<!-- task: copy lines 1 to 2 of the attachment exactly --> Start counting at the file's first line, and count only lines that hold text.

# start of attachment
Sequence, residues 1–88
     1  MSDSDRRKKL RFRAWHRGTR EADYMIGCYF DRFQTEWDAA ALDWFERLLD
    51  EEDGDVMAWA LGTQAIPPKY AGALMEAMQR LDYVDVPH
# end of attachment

Sequence, residues 1–88
     1  MSDSDRRKKL RFRAWHRGTR EADYMIGCYF DRFQTEWDAA ALDWFERLLD